In the example where the data lines 88 have a value of five, the slip pattern 80 is output from mux 82 for five clock periods until the slip time counter 86 reaches the max count value of five. The slip time counter 86 activates the repeat count line 90 when the slip time count reaches the max count value. The counter 85 then starts a new PN-code count period starting from zero and counting back up to sixty three. This causes the mux 82 to sequentially output the chips for a next PN-code in flip-flops 30 to exclusive-OR circuit 36. A next data value output on data line 89 is then exclusively-ORed with this next PN-code output from mux 82. The slip-time counter 86 resets to zero and sets the max count to the next data value on data lines 88.
Thus, a time gap 54 (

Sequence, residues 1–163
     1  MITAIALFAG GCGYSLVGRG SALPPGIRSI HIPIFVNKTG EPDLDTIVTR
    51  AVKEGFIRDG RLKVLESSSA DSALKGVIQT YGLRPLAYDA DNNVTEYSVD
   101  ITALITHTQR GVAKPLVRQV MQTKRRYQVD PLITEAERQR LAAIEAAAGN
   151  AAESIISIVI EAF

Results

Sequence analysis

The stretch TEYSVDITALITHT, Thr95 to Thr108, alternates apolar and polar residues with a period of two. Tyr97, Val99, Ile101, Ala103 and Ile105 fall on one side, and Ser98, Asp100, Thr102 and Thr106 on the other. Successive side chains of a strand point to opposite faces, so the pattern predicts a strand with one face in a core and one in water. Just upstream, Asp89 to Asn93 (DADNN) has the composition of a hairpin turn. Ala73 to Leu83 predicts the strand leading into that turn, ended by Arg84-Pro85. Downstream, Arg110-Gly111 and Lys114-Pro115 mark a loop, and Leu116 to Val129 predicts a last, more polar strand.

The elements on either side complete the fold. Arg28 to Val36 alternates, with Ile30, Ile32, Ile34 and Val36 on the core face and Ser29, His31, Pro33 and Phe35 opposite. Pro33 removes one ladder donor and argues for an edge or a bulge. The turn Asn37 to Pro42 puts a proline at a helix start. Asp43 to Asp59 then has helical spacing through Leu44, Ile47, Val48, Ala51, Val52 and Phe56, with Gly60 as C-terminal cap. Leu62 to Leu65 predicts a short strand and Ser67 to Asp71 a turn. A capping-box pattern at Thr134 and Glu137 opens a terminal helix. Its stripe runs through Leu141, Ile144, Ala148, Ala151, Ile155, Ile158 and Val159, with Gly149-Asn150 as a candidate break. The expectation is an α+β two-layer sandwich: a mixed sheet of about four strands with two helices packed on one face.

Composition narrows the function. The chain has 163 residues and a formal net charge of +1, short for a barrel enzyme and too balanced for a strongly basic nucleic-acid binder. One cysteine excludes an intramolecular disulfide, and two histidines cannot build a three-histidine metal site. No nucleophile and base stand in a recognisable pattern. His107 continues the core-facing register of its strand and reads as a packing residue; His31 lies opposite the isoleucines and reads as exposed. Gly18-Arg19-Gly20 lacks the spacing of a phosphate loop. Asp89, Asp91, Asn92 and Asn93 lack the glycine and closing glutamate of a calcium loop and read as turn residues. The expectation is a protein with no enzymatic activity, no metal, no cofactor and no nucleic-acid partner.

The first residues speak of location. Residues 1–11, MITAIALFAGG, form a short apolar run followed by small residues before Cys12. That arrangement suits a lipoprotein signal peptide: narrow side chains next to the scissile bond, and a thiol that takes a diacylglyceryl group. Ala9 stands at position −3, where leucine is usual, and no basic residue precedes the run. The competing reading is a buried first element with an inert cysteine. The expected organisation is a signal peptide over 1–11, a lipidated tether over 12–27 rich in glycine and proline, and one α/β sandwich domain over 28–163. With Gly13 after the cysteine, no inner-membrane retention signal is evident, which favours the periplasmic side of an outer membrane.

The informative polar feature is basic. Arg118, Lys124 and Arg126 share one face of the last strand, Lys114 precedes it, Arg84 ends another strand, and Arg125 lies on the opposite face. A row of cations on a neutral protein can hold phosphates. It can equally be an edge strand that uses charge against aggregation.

A set of flip-flops 100 in the correlator 72 sequentially latch data from the received encoded data stream 48. For example, during a first clock period, the flip-flop 100A latches a first sample of the received data stream 48. On a next clock period, flip-flop 100B latches the data previously latched by flip-flop 100A and flip-flop 100A latches a second sample of the data stream 48. The output of each flip-flop 100 corresponds to a sample 101 of the encoded data stream 48. Each sample 101 is exclusively-ORed by exclusive-OR circuit 102 with one of the chips contained in flip-flops 106.
For simplicity only 64 flip-flops 100 are shown in
As described above in